Ferdinand said local band members made a recent trip across the lake with a Geiger counter to measure background radiation which revealed just how serious the problem is.

"Two summers ago, they took a machine over there to measure the radiation," he recalled. "The needle went over ... it busted because the radiation was so strong."

The local kids of Port Radium had a sandbox made from the fine uranium tailings, as no sand was available, he said. They also used to play around the machinery at the mine.

"We used to play in there, around the crusher," he said. "There was these broken bags of some chemical -- a yellow powder. It would blow all over and onto the ice. In the spring you could see it floating on the water."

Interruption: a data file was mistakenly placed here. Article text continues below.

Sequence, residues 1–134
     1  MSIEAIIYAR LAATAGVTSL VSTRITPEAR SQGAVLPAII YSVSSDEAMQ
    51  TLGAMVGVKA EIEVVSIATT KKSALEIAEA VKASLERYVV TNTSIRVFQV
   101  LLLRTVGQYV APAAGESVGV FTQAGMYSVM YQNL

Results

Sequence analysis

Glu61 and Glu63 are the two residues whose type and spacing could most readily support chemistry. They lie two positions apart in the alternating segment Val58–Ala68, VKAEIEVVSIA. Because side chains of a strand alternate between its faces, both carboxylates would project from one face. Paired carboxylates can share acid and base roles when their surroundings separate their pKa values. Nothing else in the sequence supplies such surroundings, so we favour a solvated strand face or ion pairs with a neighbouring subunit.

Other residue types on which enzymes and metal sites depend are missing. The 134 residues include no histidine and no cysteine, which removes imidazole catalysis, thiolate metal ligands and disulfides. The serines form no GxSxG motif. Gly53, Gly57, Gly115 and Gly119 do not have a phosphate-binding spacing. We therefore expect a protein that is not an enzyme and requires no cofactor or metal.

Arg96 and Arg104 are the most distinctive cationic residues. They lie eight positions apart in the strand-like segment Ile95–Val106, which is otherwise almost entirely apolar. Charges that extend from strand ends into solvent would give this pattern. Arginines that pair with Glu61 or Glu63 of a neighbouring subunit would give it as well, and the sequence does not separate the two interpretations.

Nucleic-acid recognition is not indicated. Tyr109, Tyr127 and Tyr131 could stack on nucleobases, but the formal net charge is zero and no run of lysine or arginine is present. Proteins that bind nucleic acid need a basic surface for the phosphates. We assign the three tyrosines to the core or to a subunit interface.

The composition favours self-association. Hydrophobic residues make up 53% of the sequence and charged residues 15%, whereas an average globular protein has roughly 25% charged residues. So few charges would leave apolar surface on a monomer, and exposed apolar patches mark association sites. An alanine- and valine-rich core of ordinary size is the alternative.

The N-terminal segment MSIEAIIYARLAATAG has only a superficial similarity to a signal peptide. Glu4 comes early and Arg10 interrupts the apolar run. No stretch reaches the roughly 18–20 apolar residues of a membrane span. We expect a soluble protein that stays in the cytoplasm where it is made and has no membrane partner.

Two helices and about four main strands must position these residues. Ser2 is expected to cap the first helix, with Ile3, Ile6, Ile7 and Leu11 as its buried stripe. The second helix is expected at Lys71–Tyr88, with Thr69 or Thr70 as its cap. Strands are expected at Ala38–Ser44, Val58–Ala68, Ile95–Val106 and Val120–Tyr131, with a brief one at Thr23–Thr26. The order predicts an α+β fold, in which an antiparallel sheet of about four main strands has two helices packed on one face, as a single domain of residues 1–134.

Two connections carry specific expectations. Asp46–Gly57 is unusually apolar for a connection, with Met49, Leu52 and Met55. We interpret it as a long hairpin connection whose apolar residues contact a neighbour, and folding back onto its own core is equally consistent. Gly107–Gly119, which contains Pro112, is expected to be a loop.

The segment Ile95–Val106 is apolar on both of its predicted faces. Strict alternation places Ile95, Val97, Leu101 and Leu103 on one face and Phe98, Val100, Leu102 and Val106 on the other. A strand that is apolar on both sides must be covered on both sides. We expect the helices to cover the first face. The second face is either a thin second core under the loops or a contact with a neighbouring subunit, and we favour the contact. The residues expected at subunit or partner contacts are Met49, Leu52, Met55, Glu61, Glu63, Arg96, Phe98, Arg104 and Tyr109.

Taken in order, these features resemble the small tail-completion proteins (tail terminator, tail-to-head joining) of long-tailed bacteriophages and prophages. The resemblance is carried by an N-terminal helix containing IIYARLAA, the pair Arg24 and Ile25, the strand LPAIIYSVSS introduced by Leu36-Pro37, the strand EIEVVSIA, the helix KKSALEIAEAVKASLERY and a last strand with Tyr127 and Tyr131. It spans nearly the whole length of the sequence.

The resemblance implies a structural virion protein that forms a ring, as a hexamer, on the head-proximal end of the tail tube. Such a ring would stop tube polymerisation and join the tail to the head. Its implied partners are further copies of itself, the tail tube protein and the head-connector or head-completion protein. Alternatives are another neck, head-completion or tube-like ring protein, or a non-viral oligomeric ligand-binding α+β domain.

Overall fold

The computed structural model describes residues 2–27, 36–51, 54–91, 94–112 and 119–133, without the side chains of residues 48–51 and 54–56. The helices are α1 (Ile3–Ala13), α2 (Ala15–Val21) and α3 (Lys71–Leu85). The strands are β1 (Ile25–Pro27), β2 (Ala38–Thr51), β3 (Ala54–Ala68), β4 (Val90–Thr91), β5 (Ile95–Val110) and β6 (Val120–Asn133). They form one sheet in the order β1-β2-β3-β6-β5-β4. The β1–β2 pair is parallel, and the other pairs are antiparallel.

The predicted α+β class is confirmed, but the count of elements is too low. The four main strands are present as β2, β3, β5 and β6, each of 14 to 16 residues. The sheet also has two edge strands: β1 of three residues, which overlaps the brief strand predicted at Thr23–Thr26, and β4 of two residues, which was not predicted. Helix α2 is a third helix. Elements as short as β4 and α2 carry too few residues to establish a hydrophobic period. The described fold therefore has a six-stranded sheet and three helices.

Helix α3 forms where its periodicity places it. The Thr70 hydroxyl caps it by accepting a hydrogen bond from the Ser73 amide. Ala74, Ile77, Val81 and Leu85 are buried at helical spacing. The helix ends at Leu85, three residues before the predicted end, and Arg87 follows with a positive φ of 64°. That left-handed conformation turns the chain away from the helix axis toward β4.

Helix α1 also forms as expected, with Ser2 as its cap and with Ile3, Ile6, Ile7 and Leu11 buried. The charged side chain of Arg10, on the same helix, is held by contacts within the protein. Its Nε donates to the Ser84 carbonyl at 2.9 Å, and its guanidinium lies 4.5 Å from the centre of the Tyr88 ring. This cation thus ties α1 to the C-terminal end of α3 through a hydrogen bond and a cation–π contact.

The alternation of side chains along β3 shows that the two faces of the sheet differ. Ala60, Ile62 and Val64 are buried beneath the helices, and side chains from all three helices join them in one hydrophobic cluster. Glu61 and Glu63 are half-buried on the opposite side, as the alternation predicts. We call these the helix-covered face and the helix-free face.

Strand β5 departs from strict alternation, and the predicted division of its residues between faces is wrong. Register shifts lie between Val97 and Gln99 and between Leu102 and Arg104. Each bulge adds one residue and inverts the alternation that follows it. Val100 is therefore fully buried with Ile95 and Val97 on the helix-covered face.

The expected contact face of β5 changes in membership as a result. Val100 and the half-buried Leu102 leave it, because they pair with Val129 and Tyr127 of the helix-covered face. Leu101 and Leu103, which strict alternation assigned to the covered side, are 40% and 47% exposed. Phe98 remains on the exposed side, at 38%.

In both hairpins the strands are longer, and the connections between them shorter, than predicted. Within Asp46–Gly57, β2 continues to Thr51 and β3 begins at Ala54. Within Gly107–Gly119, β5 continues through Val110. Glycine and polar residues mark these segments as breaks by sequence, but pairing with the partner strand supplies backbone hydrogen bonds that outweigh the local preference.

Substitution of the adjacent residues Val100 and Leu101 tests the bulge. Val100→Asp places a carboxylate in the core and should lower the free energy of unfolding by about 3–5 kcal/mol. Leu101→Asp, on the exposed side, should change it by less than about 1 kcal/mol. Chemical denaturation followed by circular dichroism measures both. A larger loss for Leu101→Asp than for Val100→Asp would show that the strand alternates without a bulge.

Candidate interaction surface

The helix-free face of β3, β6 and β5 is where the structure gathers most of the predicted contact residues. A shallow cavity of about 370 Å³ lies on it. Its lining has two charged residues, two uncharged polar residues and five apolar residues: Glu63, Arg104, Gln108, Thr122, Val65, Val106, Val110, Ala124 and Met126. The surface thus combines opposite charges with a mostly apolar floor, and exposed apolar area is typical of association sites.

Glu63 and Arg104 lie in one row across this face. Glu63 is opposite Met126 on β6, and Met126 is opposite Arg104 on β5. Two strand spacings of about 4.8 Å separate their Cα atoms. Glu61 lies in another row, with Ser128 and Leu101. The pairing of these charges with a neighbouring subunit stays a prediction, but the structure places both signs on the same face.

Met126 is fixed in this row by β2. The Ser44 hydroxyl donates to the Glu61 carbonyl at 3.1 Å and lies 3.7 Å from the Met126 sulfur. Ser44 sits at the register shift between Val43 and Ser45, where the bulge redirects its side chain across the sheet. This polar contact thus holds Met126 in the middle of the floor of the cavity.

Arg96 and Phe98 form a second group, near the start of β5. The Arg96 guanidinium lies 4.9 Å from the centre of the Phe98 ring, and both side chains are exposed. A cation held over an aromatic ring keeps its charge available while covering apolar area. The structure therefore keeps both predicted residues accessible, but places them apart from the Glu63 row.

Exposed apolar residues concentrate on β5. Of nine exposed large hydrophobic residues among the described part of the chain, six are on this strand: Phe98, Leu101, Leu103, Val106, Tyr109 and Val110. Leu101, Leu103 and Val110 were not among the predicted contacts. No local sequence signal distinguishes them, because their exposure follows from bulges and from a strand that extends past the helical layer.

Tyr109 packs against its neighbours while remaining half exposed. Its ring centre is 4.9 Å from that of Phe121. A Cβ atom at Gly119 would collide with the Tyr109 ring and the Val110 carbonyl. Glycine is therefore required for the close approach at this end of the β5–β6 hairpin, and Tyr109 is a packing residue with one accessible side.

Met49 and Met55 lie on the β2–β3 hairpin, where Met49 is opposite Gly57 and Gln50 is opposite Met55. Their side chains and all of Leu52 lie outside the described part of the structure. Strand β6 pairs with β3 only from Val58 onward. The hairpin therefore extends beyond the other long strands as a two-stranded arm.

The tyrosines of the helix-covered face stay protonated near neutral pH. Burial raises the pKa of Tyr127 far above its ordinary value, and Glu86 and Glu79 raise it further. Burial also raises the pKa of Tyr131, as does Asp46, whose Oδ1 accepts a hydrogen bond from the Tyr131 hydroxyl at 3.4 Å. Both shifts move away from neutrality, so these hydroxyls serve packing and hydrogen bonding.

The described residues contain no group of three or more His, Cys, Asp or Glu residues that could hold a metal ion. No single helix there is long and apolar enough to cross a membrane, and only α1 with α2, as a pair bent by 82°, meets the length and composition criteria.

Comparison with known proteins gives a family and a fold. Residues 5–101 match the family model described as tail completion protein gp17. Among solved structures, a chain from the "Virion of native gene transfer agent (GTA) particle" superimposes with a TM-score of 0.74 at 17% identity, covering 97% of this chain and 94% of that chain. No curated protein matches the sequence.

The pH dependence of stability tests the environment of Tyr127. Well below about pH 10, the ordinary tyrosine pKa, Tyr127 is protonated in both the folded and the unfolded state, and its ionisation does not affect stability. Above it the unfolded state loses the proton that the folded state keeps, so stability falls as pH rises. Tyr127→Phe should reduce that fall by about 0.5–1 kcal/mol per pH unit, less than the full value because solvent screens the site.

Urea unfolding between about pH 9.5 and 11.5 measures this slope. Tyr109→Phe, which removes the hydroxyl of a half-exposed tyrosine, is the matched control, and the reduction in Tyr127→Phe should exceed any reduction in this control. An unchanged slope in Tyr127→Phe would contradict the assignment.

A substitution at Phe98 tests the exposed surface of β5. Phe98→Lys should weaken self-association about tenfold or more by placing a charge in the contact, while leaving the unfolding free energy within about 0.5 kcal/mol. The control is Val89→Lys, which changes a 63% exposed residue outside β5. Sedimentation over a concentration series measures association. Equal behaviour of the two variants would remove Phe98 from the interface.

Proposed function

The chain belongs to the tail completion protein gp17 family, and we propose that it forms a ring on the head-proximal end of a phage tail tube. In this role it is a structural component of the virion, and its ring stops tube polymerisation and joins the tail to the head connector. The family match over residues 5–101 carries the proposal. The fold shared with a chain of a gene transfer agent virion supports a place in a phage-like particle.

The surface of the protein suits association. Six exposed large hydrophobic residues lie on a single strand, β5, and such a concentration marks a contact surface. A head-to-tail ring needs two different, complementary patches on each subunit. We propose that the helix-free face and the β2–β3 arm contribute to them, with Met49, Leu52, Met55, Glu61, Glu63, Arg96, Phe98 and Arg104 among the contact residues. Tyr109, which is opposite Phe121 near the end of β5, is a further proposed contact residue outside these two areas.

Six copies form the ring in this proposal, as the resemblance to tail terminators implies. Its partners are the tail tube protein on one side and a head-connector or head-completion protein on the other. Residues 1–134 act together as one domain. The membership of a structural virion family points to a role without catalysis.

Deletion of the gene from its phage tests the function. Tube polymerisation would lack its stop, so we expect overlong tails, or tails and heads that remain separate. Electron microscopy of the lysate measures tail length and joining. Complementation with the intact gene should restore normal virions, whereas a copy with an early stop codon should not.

The workers never knew the seriousness of pollution back then and it was cheaper to dump the waste material in the lake than take it out on a barge, he said.

"When they cleaned the barge, they'd just sweep it into the lake," he said. "They'd throw all kinds of garbage into the lake. There's lots of barrels in the water, too."

"Nobody goes there anymore, but I usually go every summer," Ferdinand said. "I'm not afraid to eat the fish and the caribou."

Paul Baton worked at the mine for five years. He said the cleanup/containment should have happened a long time ago.

"It should have been done in the first place," Baton said. "They should have dug a hole in the bush and buried it real good."

Baton worked on the barge, toting the bags of ore on and off the barge.